4 Spectrometer theory The grating can be considered as a large number of equally spaced very narrow slits, with slit separation d. For light of wavelength λ a principal maximum occurs when the phase difference between neighboring rays is an integer multiple m of π: π phase difference = path difference = π m. λ The path difference is d sinθ, thus π d sinθ = π m, λ which means d sin θ = mλ. (1) m is called the order number. This path difference is shown in the inset in figure 1, figure shows a fringe pattern for =4. Fig.. The diffraction pattern for =4 slits, showing the principal maxima and minima. Resolving power: With slits illuminated, the first minimum occurs at a phase angle π φ = π m +. We find the resolving power by considering the simple criteria that the minimum of one diffraction pattern occurs at the same position as the maximum of another pattern, as shown in figure 3. Light of a second wavelength λ = λ Δλ will produce its m th principal maximum at a slightly different angle θ given by d sinθ = mλ. It will have a minimum at angle θ if 85

5 Fig. 3. Resolution. The principal maximum of one pattern occurs at the same position as the first minimum of the other. π π d θ π m λ sin = +, that is, d sinθ = mλ +. () λ Taking eqs. 1) and ), we find λ mλ = mλ +. We have defined λ λ = Δλ, where Δ λ << λ. This means λ = m. (3) Δλ At this separation the intensity at a point half way between two equal lines is about 0% less than the peak and the two lines can easily be seen to be separate. Experiment 1: The Rydberg constant Transition wavelengths in hydrogen are given by the remarkably simple formula = R, (4) λ n p where n and p are integers. R is the Rydberg constant, which has the measured value m -1. It can be expressed in terms of more fundamental constants as α mec R =, h where m e is the mass of the electron, c the speed of light, h Plank s constant and α the fine structure constant, e α =. 4πε 0 c ote that 1/α It is dimensionless. * * see 86

6 The Balmer series in hydrogen is given by eq. 4 with p = and n = 3, 4, 5 etc. Balmer transition wavelengths are in the visible part of the spectrum. The aim of this part of the experiment is to use the spectrometer to measure the wavelengths via the grating equation (1) and to thereby deduce R, and its uncertainty. Fig 4. Schematic diagram showing two Balmer transitions in a hydrogen atom, p=, n=3 and p=, n=4 For each transition wavelength measure θ as a function of order m, considering both positive and negative values. Before recording data determine the optimal slit size for resolution and intensity. Don t change the slit size once you start taking data. You and your partner should alternate readings of the same line to get a value for the uncertainty in θ. Eq. 1 implies a plot of sin θ vs. m will yield a straight line. You will probably want to use a computer to determine the slope and its uncertainty. You might also want to consider other ways to analyze your data. Recall that d( sin θ) = cosθ dθ. With practice you can make wavelength measurements quite quickly and thus build up a large database. (You will probably want to computerize your analysis.) This means your statistical uncertainty should be good, but there are numerous possibilities for systematic error in this experiment. Some things to consider are the effects of spectrometer misalignment, defocus, lamp position, grating period, air pressure and humidity, background light etc. Some of these you can test experimentally. You might want to reread the discussion at the end of the speed of light script. 87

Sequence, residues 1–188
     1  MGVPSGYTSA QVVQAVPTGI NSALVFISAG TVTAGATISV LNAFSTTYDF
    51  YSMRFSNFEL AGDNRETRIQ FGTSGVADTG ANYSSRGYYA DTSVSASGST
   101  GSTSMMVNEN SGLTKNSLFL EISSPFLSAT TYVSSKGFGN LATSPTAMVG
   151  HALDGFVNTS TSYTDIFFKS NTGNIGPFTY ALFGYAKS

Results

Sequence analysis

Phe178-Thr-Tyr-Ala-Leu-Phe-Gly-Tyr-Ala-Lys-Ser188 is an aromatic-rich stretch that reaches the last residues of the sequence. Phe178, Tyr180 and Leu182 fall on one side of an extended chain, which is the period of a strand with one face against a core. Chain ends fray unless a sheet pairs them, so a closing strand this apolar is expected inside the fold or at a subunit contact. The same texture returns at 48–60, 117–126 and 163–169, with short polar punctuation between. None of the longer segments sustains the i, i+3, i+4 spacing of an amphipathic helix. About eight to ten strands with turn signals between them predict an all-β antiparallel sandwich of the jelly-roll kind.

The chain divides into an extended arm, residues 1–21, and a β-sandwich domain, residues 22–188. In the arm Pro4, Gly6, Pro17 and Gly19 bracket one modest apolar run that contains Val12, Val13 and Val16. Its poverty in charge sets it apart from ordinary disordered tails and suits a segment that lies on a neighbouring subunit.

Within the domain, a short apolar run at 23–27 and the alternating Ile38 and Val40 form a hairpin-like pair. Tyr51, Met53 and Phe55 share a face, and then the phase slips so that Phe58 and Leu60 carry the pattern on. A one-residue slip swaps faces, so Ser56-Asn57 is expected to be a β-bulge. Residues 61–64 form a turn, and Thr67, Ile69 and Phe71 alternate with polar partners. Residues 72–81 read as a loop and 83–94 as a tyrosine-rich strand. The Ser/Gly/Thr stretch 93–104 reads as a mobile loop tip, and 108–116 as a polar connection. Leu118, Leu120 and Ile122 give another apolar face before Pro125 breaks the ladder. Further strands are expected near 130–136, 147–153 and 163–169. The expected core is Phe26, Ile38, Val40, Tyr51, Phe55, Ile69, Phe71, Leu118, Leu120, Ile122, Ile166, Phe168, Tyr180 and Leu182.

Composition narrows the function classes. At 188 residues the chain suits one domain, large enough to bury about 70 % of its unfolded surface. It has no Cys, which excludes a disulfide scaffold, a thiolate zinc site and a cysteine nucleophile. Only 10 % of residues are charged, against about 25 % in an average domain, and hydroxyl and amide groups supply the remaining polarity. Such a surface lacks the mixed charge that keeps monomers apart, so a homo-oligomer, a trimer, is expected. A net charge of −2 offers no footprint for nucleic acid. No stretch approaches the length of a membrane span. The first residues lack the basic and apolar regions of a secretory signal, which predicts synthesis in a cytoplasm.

7 Experiment : Spectrometer resolution Use the spectrometer to test eq. 3. With the sodium source, find an order where you can just resolve the two lines of the yellow doublet. The yellow (or orange, as color can be subjective) sodium wavelengths are 589.0nm and 589.6nm. Gradually reduce the effective number of grating lines by sliding pieces of card just in front of the grating, parallel to the lines. Don t touch the grating with your fingers! Try to determine the number of lines at which you just fail to resolve the doublet. Repeat this measurement several times and calculate the mean and standard error. Compare your result for Δλ derived from eq. 3 to the known value. If you have time measure the separation of the pair of green lines at 569nm or red lines at 616nm. Is the separation equal to that of the orange lines in wavelength units and/or in frequency units? What does this tell you about common levels for these transitions? At 589nm, Δν = GHz. 88